Versus Koufax and the Babe – Clemente Wins in a Rout

It was no contest among voters asked to choose which portrait among the three baseball greats should hang in the Smithsonian.

photo by charles "Teenie" Harris, courtesy of smithsonian national portrait gallery


Roberto Clemente has made it to the Smithsonian. 

The photo of the beloved Pirate right-fielder, shot by Charles "Teenie" Harris in 1960, will be on display in the Smithsonian Museum's National Portrait Gallery through Nov. 1.

The museum conducted an online poll asking whose portrait they'd like to see, Clemente, Babe Ruth or Sandy Koufax. It wasn't even close. According to The Washington Post, Clemente won with 2,034 votes to 225 for Koufax and 190 for Ruth. Smithsonian officials told the paper there was no evidence of an organized campaign and they were at a loss to explain Clemente's overwhelming appeal with voters. That's not to suggest Clemente wasn't deserving of the honor.

Clemente’s story is familiar to Pittsburghers. Gifted on the field and at the plate, Clemente earned numerous baseball honors, including Most Valuable Player in the 1971 World Series. The world became aware of his tireless humanitarian efforts when he died in 1972 in a plane crash while delivering supplies to Nicaraguan earthquake victims. Of Puerto Rican descent, Clemente was — and continues to be — an inspiration to athletes of all nationalities, proving that against adversity, dedication and passion will lead to success.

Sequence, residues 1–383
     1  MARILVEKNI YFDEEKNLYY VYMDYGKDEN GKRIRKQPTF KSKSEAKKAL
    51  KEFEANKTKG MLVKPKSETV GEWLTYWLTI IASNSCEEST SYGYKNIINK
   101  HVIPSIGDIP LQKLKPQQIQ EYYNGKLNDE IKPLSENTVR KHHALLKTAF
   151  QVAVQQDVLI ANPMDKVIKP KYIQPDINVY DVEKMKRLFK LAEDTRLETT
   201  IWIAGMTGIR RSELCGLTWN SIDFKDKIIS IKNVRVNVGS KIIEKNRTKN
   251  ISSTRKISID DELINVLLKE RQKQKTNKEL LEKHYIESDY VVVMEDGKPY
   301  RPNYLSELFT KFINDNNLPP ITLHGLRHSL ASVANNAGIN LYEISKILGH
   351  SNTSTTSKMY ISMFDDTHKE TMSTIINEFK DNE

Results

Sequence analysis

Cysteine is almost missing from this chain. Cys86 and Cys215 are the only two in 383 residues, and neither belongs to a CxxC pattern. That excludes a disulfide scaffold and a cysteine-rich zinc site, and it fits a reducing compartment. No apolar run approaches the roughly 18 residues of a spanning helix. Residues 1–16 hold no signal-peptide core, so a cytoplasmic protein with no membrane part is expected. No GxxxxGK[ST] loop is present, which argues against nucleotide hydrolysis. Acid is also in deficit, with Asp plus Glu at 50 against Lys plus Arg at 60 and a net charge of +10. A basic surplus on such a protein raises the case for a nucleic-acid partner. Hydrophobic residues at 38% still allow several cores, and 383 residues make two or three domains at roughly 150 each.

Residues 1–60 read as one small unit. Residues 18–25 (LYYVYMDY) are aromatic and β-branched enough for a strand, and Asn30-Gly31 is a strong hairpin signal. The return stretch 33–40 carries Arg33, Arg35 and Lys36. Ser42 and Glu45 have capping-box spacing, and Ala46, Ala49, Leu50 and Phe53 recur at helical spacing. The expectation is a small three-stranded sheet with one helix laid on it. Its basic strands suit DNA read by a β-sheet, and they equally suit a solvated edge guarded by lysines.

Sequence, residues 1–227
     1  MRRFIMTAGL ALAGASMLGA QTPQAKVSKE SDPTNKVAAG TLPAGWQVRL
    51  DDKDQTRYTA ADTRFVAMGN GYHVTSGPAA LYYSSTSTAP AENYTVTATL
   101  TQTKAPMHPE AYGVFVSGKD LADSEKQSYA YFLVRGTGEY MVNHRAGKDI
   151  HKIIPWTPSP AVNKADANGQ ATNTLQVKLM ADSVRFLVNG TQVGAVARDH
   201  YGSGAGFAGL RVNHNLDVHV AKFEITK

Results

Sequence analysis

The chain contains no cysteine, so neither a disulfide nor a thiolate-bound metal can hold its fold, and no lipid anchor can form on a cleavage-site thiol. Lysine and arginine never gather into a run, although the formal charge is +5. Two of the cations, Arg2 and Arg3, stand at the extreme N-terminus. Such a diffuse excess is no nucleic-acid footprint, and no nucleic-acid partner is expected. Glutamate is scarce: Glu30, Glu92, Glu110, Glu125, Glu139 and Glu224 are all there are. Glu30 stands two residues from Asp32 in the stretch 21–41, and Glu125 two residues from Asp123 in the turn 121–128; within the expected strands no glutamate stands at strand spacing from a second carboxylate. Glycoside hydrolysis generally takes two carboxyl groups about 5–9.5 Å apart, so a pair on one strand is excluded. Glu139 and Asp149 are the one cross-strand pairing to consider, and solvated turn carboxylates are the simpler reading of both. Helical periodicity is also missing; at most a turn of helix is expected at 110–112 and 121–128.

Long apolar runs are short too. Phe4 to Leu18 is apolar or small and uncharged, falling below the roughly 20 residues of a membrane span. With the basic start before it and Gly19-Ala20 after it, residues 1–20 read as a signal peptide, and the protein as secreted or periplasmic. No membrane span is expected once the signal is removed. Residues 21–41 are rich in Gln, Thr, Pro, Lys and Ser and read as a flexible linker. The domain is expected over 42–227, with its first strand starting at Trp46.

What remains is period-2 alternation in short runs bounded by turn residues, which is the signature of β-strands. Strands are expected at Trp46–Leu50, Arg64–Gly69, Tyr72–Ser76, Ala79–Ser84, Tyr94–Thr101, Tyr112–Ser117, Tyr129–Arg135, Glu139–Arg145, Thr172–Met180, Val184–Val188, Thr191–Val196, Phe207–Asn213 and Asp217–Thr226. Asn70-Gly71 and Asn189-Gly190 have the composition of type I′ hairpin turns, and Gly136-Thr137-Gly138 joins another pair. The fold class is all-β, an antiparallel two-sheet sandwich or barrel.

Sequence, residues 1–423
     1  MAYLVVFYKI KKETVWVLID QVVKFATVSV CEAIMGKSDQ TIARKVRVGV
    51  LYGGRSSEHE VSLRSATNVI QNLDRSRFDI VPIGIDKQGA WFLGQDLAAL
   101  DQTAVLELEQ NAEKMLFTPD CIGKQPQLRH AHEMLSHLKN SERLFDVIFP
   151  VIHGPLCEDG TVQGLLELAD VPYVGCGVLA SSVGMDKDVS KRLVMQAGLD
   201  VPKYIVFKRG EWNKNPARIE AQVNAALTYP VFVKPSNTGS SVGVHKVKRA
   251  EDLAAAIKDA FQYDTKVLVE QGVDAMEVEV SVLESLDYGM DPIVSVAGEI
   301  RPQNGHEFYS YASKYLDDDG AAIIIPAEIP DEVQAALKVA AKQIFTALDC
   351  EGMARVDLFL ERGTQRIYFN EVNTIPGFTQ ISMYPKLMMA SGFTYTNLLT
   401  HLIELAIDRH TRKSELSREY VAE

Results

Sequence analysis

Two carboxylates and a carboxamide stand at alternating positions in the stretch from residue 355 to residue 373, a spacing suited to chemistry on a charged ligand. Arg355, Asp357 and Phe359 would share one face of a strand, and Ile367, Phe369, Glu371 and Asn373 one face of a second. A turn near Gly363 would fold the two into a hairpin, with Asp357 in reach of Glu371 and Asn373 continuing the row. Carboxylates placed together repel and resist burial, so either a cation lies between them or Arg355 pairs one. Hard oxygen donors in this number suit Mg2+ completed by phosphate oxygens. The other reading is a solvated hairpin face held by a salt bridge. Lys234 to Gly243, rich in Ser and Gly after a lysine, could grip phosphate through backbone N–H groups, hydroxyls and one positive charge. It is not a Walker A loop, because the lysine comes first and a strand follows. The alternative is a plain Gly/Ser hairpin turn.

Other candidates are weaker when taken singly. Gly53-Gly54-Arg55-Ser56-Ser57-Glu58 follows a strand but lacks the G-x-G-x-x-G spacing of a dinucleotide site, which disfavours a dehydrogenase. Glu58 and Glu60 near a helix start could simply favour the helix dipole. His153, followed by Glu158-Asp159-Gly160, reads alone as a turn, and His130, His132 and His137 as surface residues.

So if you're in Washington between now and the beginning of November, stop by the National Portrait Gallery and tip your hat to "The Great One."

– Lauralei Kraski


#IceBucketChallenge: Pirates' Front Office Participates

We haven't seen nearly as many ice bucket challenges this summer as compared to last, but the front office of the Pittsburgh Pirates endured one on the last day of August in memory of Neil Alexander.

Alexander, 49, died of ALS in March. He was a lifelong baseball fan who particularly admired Lou Gehrig, who died from ALS in 1941.

After his diagnosis, Alexander and his wife launched Live Like Lou, a nonprofit organization administered through The Pittsburgh Foundation, to help raise money for patient care and research to treat ALS. 

The Pirates have now issued ice bucket challenge of their own to the front office of the Pittsburgh Penguins. Stay tuned.

– Richard Cook


Categories: The 412